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Biochim Biophys Acta. 1996 Mar 1;1315(2):87-99.

Failure to withstand oxidative stress induced by phospholipid hydroperoxides as a possible cause of the lens opacities in systemic diseases and ageing.

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Laboratory of Pathophysiology and Biochemistry, Moscow Helmholtz Research Institute of Eye Diseases, Russia.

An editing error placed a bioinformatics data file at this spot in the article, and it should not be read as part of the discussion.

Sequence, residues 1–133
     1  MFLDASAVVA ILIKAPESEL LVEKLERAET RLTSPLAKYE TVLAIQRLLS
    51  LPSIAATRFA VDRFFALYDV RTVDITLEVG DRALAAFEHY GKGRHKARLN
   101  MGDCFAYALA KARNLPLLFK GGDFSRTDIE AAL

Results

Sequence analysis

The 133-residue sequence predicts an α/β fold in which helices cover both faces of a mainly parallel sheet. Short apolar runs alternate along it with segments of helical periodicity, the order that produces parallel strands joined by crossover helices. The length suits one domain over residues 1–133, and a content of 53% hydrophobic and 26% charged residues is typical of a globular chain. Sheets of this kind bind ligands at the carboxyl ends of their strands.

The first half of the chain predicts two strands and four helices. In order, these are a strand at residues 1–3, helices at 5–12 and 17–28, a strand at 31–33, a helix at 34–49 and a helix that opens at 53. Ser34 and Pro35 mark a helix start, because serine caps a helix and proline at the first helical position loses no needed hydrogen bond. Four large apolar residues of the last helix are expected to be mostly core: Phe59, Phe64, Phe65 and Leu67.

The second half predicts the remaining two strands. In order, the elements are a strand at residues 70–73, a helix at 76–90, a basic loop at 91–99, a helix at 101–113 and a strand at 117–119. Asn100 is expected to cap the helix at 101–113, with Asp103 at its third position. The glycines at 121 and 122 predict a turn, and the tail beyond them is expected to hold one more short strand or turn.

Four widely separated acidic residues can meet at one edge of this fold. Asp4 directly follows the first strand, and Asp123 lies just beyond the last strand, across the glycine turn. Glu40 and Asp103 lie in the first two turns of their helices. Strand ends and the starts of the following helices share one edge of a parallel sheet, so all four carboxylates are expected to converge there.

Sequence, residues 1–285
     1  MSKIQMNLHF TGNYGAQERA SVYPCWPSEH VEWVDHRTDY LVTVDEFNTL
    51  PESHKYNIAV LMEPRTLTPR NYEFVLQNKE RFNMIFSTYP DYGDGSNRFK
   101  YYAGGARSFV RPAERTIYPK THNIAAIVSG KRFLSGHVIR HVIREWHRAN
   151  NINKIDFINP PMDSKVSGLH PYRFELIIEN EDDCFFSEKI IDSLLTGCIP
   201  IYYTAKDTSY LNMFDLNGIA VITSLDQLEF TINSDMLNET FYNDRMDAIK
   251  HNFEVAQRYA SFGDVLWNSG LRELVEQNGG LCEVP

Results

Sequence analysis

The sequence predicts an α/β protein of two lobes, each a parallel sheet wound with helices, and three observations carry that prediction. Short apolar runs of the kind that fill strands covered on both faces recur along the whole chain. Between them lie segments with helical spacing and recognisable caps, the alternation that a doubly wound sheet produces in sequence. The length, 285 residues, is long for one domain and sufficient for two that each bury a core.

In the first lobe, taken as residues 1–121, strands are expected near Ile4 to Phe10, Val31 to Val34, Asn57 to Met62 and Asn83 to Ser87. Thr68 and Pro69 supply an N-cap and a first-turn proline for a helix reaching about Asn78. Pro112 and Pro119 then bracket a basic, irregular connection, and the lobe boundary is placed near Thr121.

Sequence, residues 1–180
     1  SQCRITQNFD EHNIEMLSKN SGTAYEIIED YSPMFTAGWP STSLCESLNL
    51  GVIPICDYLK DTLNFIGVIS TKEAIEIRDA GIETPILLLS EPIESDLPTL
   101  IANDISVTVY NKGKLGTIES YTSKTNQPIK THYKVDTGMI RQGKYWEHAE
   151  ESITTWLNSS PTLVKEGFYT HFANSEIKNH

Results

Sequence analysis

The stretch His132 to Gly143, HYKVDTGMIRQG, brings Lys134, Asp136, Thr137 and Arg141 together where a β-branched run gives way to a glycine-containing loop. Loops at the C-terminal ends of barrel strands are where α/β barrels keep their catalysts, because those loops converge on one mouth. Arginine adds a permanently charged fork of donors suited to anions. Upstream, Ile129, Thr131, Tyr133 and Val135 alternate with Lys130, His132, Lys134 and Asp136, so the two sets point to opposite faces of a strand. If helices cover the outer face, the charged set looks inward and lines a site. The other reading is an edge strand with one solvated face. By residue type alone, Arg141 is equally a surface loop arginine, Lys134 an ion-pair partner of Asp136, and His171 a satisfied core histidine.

Lipid peroxidation (LPO) is a causative factor of cataract. The increased concentrations of primary molecular LPO products (diene conjugates, lipid hydroperoxides) and end fluorescent LPO products, were detected in the lipid moieties of the aqueous humor samples obtained from patients with senile and complicated cataracts as compared to normal donors. The degrees of lens clouding were assessed quantitatively by measuring the optical density indices and areas of equidensities using digital image analysis. Human cataractous lenses showed decreased activity of glutathione peroxidase (GPX, catalyzing reduction of organic hydroperoxides including hydroperoxides of lipids). The apparent Km for tert-butylhydroperoxide was 0.434 mM for human normal and cataractous lens GPX. When lenses were exposed for 1 h at 37 degrees C to linoleic acid hydroperoxide (LOOH, 0.5 mM) or egg phosphatidyl-choline hydroperoxide (PLOOH, 1 micro mol per 112 micro mol of phospholipid) in liposomes suspended in the incubation medium, normal, immature and mature human cataractous lenses showed a significant loss in the residual content of liberated LOOH to 62%, 38% or 17%, correspondingly, but little or no reduction was observed with PLOOH in liposomal membranes. Human, rabbit or mice transparent or immature cataractous lenses induced significantly more absorbance changes in conjugated diene, iodometric and TBA-reactive substance measurements when incubated with liposomal membranes which were decreased in the presence of free radical scavengers and antioxidant enzymes (EDTA, SOD, L-carnosine, chelated iron, catalase). Injection into the vitreous body of the rabbit eye of a suspension of liposomes prepared from phospholipids containing LPO products induced the development of posterior subcapsular cataract. Saturated liposomes did not cause clouding of the lens. This modelling of cataract was accompanied by accumulation of fluorescing LPO products in the vitreous body, aqueous humor and the lens and also by a fall in the concentration of GSH in the lens. The peroxidative damage to the lens cell membranes and biomolecules induced in the lack of reductive detoxification of phospholipid hydroperoxides is proposed as the triggering mechanism of cataractogenesis.

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